In this study, we examined the bias in reporting of height and weight in Australia using large nationally representative population health survey data. Consistent with a systematic review in 2007  and an earlier study in Australia , we found a tendency for men and women to overestimate their height and to underestimate their weight, thus resulting in an underestimation of BMI. The direction of the bias was consistent with that reported in previous studies [2, 7, 8].
We found that the bias in self-reported BMI (derived from height and weight) has decreased in Australia between 1995 and 2008. Examination of age- and gender-specific effects suggested that the decline is due to more accurate reporting of both height and weight across most sectors of the population. The exception was in the reporting of height among young men, whose average reporting error was similar in 1995 and 2007-2008 at approximately 0.5 cm, an amount consistent with the rounding up of height in centimeters.
Since reporting error is highly dependent on measured BMI, and measured BMI has increased in Australia between 1995 and 2008, we might have expected reporting error to have increased over this period. Instead the converse has been found - the average reporting error in BMI in 1995 was -1.2 units for men and -1.4 for women; in 2007-2008 it had decreased to -0.6 and -0.7 units, respectively.
Using 2007-2008 data, we found the major determinants of the reporting bias to be age, sex, measured BMI, and school education level. Neither the increasing trend in BMI in Australia nor the increased proportion of participants to have completed year 12 at school can explain the diminishing reporting bias between 1995 and 2008, since the signs of both these coefficients were negative.
The diminishing reporting bias observed in this study strongly suggests that there has been an improvement in awareness of personal height and weight across the Australian adult population. Obesity is a National Health Priority Area  in Australia, and in recent years there has been increased coverage of obesity issues in the media , including high profile public health campaigns, such as the "Measure Up" campaign .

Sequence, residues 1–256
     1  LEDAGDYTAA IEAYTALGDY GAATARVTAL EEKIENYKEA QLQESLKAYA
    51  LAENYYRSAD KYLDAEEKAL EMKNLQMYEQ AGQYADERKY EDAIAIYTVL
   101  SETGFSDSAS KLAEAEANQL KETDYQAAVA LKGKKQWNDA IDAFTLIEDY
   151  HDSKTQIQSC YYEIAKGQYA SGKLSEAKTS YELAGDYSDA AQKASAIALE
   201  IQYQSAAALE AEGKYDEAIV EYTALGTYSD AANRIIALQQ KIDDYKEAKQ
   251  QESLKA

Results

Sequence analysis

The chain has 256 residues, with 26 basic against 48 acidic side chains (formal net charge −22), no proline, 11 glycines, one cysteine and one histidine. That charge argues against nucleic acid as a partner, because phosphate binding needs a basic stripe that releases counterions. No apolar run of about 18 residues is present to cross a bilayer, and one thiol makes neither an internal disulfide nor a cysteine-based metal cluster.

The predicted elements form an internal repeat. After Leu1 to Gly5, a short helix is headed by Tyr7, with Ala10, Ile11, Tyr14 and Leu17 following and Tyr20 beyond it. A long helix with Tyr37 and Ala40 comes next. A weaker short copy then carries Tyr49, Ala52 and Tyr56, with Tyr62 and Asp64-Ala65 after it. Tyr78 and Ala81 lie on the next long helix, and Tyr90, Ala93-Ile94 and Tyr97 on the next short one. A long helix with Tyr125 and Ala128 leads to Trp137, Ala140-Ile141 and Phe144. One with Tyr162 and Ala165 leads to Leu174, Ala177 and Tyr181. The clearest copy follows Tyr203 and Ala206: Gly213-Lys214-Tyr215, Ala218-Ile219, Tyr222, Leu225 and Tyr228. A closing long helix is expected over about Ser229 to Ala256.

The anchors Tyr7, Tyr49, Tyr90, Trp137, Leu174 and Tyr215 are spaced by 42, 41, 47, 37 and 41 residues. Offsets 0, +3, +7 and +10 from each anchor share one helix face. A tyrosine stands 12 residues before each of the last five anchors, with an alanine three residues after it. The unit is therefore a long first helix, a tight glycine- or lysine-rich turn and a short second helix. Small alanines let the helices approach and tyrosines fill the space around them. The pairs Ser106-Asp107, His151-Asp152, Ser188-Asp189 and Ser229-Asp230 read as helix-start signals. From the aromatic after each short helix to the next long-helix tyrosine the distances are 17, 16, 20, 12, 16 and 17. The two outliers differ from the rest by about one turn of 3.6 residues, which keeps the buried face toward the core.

There are very few studies across different countries with which to compare our results. However, the observed diminishing bias in Australia is contrary to a recent study that found reporting error in the United States remained constant between 1976 and 2005 but increased in Canada between 1986 and 2005 . There may be differences in the temporal change in reporting bias across countries, in the same way that reporting bias itself may be affected by ethnicity or country-specific factors . Indeed, country-specific factors may contribute to the large variation in reporting bias among studies included in a recent systematic review .
Another factor that may affect the change in reporting bias in different countries is the preferred units in which participants give their self-reported height and weight. Australia moved to a metric system in 1976, and participants in the earlier survey (and older participants in particular) are more likely to have reported height and weight in imperial units, which may be subject to different rounding than if metric units were used . By comparison, in the United States, which has retained the imperial system of measurement, there was no change in reporting bias observed in national surveys between 1976 and 2005.
Despite the improvement in accuracy of reporting BMI, estimates of the prevalence of obesity in Australia in 2007-2008 from self-reported data were underestimated by approximately 4%. This underestimation is driven mainly by older age groups (> 60 years) whose reporting of height, in particular, was much less accurate than younger people.